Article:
In recent years, the need for a common accounting language has become compelling. Investors increasingly seek access to foreign markets to diversify their portfolios, while companies increasingly seek capital outside their home markets. We can see this trend around the world, and not least of all in our own country — where today roughly two-thirds of American investors own securities of non-U.S. companies. That's a 30% increase from just five years ago. As a result, we have a big stake in ensuring that the companies that U.S. investors own have high quality accounting standards that are consistently applied and enforced.

The trend toward global investing that is so strongly underway makes it clear we need accounting standards that work across national borders. A single set of international accounting standards isn't just an ideal for an international marketplace — it is fundamental to the efficient operation of our capital markets. Of course, no regulatory standard is perfect, and international accounting standards are certainly no exception. But the benefits of a universal accounting language that results in consistent financial reporting for all issuers, regardless of domicile, exceed the cost and confusion created by multiple standards — even though each may have its own reasonable claim to superiority.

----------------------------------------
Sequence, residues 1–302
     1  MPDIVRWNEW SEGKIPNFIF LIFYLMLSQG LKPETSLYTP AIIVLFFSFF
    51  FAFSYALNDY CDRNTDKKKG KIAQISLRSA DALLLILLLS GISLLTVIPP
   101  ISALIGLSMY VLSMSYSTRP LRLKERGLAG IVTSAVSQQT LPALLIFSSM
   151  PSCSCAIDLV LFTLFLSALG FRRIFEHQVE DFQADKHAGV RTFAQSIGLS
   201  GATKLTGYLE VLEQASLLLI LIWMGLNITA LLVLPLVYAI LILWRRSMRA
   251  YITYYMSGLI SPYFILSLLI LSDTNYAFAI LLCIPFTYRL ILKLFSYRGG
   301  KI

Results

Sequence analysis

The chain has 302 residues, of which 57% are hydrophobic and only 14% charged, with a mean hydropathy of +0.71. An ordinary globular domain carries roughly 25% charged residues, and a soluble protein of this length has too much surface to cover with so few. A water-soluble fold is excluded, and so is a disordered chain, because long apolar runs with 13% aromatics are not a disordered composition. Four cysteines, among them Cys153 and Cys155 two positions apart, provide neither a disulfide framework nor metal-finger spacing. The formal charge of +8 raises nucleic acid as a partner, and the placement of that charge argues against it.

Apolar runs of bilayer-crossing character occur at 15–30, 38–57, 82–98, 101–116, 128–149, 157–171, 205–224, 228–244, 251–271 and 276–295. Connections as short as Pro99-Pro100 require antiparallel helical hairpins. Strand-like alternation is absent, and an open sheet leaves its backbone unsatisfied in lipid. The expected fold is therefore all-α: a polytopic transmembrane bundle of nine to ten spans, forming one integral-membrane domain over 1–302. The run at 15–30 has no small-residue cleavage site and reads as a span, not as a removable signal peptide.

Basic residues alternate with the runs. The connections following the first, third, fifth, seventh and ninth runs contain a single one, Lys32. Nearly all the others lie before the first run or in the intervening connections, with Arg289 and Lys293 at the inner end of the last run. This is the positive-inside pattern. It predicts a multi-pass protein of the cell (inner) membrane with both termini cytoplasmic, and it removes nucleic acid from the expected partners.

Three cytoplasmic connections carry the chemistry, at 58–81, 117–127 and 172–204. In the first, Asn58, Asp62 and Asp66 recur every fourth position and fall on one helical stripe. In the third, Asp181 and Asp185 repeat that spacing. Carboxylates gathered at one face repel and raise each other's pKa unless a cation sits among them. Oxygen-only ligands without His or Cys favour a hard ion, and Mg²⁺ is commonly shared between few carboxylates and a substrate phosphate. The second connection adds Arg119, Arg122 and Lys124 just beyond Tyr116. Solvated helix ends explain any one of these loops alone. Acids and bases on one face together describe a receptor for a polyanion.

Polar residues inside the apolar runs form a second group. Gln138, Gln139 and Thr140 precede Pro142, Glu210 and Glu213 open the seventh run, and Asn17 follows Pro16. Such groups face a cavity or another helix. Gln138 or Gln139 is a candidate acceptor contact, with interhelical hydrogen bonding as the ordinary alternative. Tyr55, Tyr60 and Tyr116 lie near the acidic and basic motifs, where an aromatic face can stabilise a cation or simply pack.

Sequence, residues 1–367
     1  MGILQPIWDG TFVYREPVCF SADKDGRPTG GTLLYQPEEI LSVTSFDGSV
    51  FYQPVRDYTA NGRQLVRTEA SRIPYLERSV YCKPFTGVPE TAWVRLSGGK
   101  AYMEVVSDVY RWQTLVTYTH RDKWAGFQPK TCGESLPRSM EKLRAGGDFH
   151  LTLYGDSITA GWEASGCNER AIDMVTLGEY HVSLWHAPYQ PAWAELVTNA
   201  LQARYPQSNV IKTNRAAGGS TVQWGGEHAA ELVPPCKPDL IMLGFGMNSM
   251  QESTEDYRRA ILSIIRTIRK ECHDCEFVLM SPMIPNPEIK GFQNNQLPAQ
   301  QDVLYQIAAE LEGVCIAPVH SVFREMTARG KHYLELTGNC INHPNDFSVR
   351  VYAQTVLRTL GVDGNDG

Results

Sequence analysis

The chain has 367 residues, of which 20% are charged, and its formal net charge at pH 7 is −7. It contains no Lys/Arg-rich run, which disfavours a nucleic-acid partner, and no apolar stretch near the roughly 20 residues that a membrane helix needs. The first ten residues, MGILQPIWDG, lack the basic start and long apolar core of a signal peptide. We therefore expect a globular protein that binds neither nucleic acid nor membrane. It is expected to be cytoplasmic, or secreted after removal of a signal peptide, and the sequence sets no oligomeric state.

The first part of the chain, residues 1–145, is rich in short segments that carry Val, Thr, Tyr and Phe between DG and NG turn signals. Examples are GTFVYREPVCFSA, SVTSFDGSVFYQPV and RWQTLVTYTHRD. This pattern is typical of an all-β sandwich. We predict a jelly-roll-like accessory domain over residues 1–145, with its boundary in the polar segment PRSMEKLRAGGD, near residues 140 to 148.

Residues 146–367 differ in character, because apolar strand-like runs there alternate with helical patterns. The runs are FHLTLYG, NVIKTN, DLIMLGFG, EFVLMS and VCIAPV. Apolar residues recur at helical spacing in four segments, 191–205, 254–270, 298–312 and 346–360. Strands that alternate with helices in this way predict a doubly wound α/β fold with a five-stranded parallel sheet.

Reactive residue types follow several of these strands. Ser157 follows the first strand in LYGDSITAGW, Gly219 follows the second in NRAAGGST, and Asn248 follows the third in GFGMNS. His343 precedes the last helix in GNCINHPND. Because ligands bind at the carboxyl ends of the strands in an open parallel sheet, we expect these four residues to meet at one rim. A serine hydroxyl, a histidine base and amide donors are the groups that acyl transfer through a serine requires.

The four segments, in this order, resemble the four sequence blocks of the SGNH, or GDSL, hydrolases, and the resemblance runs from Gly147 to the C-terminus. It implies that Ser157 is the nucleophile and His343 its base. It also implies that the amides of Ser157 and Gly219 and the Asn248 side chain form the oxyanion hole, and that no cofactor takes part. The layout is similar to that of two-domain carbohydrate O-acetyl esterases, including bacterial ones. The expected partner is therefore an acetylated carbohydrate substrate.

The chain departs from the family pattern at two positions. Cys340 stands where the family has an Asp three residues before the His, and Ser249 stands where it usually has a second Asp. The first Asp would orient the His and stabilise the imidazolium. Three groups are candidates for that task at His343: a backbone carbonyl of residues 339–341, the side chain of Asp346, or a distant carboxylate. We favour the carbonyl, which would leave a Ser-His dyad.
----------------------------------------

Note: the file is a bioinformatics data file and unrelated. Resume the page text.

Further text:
We proposed these amendments in June and received valuable public comment. We heard widespread support for high quality, globally accepted accounting standards as an important and worthwhile goal. We also heard some concern about the current level of convergence between IFRS and U.S. GAAP, and about whether these amendments would slow the ongoing convergence process between IFRS and U.S. GAAP. As we stated in our rule proposal, our acceptance of IFRS financial statements is based on the continuation of the robust process that the IASB and the Financial Accounting Standards Board have established to issue high quality standards, including their joint commitment for continued convergence. We continue to support the work of the IASB and the FASB to develop high quality international standards. Because investors and issuers are best served by a single set of high-quality, globally accepted accounting standards, the SEC, our fellow regulators and the market will continue to provide ongoing incentives for continued convergence.